Difficulty: Easy to challenging, depending on the trails you choose. Sugarloaf Outdoor Center is home to a variety of double-track and single-track mountain bike trails that vary in difficulty. On the center’s trail map, each trail is a certain color that is based on its difficulty. The “easiest” trails are green; the “more difficult” trails are blue; and the “most difficult” trails are black.
How to get there: The Sugarloaf Outdoor Center is located on Route 27 in Carrabassett Valley, about 1 mile south of the Access Road to Sugarloaf resort. From the intersection of routes 142, 16 and 27 in Kingfield, drive approximately 14.3 miles north on Route 27 and the outdoor center will be on your left, marked with a large sign.Travel down the gravel drive to the large parking area by the lodge.
Information: The Sugarloaf Outdoor Center has long been known as a premiere spot for nordic skiing and snowshoeing, featuring a vast network of groomed trails in the winter, as well as an NHL-sized ice rink. But each spring, when the snow melts away, this trail network has recently been attracting another type of athlete — mountain bicyclists.
The construction of mountain bike trails at the outdoor center began about four years ago and continues today as a joint effort by the town, the Carrabassett Region New England Mountain Bike Association (NEMBA) and Maine Huts & Trails.
“[Bike trails] are being built as we speak,” said Robert [Bob] Ash, owner of Carrabassett Valley Bike. “It’s pretty amazing — the growth I’ve seen in the past three summers.”
From July 4 through Labor Day, Carrabassett Valley Bike sets up shop in the outdoor center’s ski lodge to offer mountain bike rentals and repair, as well as information on the growing network of bike trails.
“I’m here seven days a week, so I’m pretty much the trail ambassador,” said Ash, who estimates that there are currently about 60 miles of trails open to hikers and bikers at the outdoor center. “I get people pointed in the right direction.”
Trail maps are available in the bike shop, which is open daily from 9 a.m. to 4 p.m. Also available in the shop are Pure Pops, all-natural popsicles made in Portland — the perfect $3 snack after a bike ride in the sun.
“There are trails for all abilities,” Ash said. “There’s everything from the Narrow Gauge Trail, which is similar to the carriage roads on M.D.I., to technical single track for expert riders only — and everything in between.”
The center is now the hub for several mountain biking events, including the Carrabassett Backcountry Cycle Challenge, 50-kilometer and 100-kilometer races scheduled for Saturday, July 19, with a children’s race and family rides scheduled for Sunday, June 20.
For information about Carrabassett Valley Bike, call Ash at 671-3560 or email him at email@example.com. You can also “like” Carrabassett Valley Bike on Facebook for updates and event information. To learn about the Carrabassett Region NEMBA, visit carrabassett.nemba.org.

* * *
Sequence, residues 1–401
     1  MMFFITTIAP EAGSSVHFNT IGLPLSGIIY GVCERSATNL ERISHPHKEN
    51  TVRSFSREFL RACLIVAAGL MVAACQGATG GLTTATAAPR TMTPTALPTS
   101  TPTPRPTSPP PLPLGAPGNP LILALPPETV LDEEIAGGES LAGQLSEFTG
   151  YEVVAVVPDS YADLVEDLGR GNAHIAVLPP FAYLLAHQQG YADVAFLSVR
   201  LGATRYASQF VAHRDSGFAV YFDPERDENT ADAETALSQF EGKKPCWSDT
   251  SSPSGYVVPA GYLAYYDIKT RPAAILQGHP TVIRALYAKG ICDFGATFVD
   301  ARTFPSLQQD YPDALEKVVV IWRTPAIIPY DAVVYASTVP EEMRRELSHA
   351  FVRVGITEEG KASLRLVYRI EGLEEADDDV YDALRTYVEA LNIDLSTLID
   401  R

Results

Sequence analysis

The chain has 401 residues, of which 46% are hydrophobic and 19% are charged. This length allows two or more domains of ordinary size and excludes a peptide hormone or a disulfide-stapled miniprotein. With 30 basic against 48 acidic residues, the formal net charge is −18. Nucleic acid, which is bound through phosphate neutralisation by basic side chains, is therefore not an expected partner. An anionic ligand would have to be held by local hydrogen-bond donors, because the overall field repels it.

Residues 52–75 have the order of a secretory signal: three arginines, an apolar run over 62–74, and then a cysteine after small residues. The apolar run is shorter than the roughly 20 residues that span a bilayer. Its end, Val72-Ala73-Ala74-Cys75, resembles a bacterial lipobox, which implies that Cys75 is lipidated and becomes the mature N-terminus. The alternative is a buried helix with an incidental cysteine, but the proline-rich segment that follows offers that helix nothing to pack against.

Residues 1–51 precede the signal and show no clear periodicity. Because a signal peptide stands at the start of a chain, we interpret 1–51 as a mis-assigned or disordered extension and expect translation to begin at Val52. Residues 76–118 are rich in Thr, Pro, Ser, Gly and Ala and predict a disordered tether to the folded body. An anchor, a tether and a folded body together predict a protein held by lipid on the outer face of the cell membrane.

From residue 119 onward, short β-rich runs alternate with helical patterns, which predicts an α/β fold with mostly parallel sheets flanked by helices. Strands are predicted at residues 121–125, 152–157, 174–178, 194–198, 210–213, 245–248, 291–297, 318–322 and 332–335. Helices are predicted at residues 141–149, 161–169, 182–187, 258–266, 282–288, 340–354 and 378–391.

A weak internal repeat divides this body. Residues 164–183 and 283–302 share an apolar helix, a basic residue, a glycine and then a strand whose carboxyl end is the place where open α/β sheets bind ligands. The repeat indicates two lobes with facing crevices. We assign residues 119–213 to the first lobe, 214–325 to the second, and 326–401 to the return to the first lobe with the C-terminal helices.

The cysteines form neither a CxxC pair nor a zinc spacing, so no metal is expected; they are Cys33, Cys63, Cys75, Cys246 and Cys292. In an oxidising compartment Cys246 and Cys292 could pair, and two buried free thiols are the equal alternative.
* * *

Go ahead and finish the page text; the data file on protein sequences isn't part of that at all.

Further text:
Personal note: I’m new to mountain biking. In fact, I don’t even own a bike of any kind. So when I was invited to check out some of the new mountain biking trails being developed in Carrabassett Valley, I had to borrow my mother’s bike, which could be considered a hybrid bike I suppose. Before driving west, I went biking on some local trails with my boyfriend Derek, who has mountain biked for several years.
When we visited Sugarloaf Outdoor Center on July 11, we were lucky to meet Sarah Pine, an experienced cyclist who helped build some of the bike trails at the center. Pine is the hut operations manager for Maine Huts & Trails as well as a member of Carrabassett Region NEMBA.
Stopping from time to time to allow us to catch up, Pine led us on a route along double-track and single-track mountain biking trails rated green and blue (for beginner and intermediate cyclists). We tackled Pine referred to as “The Seven Deadly Sins,” seven short single-track trails which led us to the warming hut, used in the winter by skiers and snowshoers. From there, we took a trail called “Jabba the Hut,” a well-constructed single-track trail that leads through low vegetation (lots of berry bushes) over which we caught glimpses of nearby mountains when our eyes weren’t focused on the ground to navigate the many rocks.
To end our tour of the trail network, we biked down an easy wide trail to a single-track trail that travels along the edge of a bog. There we moved to the side of the trail to let a group of five young men through. Clearly we weren’t the only ones taking advantage of the spectacular weather.
For me, the single-track trails were challenging, especially those rated blue (we didn’t even attempt the black trails). I was knocked off balance several times, and
sometimes I couldn’t make it up the steep, short hills because I lost momentum by hitting a rock or root. But I could see myself improving, and I was thrilled every time I made a sharp turn or maneuvered around a jumble of rocks. It’s definitely a full body workout.
Back at the lodge and bike shop, we sat on a bench on the deck and cooled down with Pure Pops, flavors Blueberry Lemonade and Very Berry. I recommend them.